WASHINGTON — It used to be — not all that long ago — that only teens and the terminally hip used the social networks like Facebook and Twitter.

No more. The U.S. Justice Department, not particularly known for being terminally hip, is getting into the act.

Reporter Joe Palazzolo of the website Main Justice reports that the Justice Department has not only created a slick looking website but “in less than a month, the Justice Department has gained about 92,000 followers on the microblogging site Twitter, 1,400 Facebook fans, and 500 MySpace friends. The department was the fifth federal agency to join Twitter.”

“Had we done something like this under Attorney General Ashcroft and President Bush, the howls would be deafening,” Mark Corallo, who served as spokesman for Attorney General John Ashcroft and now works at his consulting firm, The Ashcroft Group told Main Justice. But as Corallo scanned the new site, he added: “This is truly professional. This is really well done.”

To read the full story click here.

Head of Rocky Justice Department’s Public Integrity Section Takes New Post

The unsettled Justice Department’s Public Integrity Section continues to go through some unsettling times. Here’s the latest, but not likely, the last of the unsettling news. Welch is moving. He and five other members of his unit are still under criminal and internal investigation. In other words, it’s kind of a mess.


By Carrie Johnson
Washington Post Staff Writer
WASHINGTON — William M. Welch II, head of the Justice Department’s public integrity unit, will step aside and return to Massachusetts, where he spent the bulk of his career exposing corruption in state government, according to two sources familiar with the move.

Welch reached the decision after consulting with authorities about his family responsibilities and professional opportunities in his home state, the sources added. Welch notified subordinates in the public integrity unit late Monday. He will remain an employee of the department’s criminal division.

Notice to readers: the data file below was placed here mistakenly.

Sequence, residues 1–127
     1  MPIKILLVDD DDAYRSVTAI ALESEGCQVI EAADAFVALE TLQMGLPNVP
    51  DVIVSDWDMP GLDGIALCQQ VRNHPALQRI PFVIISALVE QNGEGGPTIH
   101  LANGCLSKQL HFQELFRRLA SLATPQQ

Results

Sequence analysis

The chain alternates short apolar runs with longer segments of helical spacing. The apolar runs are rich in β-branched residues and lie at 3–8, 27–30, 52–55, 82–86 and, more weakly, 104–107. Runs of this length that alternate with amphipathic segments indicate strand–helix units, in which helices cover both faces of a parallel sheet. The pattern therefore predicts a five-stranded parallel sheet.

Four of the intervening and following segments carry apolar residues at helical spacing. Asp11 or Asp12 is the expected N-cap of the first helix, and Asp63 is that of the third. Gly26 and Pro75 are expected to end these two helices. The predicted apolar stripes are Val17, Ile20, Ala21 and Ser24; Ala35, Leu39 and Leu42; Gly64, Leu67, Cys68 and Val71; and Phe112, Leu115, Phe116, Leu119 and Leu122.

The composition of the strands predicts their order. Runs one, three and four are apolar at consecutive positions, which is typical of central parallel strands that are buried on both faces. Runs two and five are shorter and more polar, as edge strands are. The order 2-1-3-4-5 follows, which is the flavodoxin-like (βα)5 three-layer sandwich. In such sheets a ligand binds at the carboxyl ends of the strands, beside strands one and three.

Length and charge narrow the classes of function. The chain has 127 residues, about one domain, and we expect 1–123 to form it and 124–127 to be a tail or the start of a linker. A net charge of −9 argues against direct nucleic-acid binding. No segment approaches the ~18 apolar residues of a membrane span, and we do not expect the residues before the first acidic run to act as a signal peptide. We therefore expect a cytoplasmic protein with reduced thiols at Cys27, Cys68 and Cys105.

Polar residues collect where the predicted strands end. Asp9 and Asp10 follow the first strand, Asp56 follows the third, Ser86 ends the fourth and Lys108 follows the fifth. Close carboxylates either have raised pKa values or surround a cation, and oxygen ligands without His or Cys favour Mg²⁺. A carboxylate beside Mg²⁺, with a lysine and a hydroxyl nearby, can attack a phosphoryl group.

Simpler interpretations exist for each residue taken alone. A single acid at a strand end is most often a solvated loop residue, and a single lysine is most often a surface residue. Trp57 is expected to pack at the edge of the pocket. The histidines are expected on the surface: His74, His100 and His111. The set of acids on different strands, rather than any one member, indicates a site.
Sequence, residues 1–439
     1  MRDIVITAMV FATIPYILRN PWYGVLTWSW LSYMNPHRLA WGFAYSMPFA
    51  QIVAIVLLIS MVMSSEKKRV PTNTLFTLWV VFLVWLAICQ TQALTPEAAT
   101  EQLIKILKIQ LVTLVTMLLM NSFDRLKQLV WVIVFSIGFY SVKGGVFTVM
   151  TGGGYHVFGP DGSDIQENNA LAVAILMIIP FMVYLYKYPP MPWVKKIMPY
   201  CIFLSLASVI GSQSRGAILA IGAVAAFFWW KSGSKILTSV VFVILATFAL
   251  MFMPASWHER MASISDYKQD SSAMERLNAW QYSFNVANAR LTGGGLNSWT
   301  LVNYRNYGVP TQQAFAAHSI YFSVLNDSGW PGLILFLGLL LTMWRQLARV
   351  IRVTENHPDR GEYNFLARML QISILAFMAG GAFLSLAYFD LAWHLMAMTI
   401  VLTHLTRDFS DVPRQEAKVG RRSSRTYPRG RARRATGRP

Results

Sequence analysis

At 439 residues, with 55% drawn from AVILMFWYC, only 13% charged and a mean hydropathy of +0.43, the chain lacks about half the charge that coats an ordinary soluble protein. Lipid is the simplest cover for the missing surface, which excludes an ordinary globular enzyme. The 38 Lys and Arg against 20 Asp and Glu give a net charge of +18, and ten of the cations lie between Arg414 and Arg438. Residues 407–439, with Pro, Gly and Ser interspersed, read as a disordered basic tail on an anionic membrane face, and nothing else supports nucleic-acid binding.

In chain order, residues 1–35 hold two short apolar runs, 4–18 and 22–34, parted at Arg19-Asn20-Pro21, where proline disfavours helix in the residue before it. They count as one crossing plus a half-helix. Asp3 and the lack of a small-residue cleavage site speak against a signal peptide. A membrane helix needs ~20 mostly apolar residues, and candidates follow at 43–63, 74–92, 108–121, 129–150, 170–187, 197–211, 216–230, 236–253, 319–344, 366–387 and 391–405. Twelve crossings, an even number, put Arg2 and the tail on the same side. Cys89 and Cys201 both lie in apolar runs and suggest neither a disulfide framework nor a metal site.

The unit, which leads some of the Justice Department’s most explosive investigations of political figures, came under fire earlier this year when Attorney General Eric H. Holder Jr. abandoned the conviction against former senator Ted Stevens (R-Alaska), citing multiple lapses by the prosecution team in evidence-sharing.

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Justice Dept. Hopes to Avoid Another Ted Stevens Disaster

Assist. Atty. Gen. Lanny Breuer says he doesn’t think there’s widespread prosecutorial misconduct. Still, problems with sharing evidence with the defense has surfaced far too often. At least the department acknowledges that it’s an issue that needs to be addressed.

Sen. Ted Stevens/official photo

Sen. Ted Stevens/official photo

By Carrie Johnson
Washington Post Staff Writer
WASHINGTON — Justice Department leaders are pressing ahead with reforms to prevent lapses by prosecutors in sharing evidence in criminal cases, a series of changes spurred by failures that led the federal government to take a highly unusual step earlier this year and abandon the conviction of former senator Ted Stevens (R-Alaska).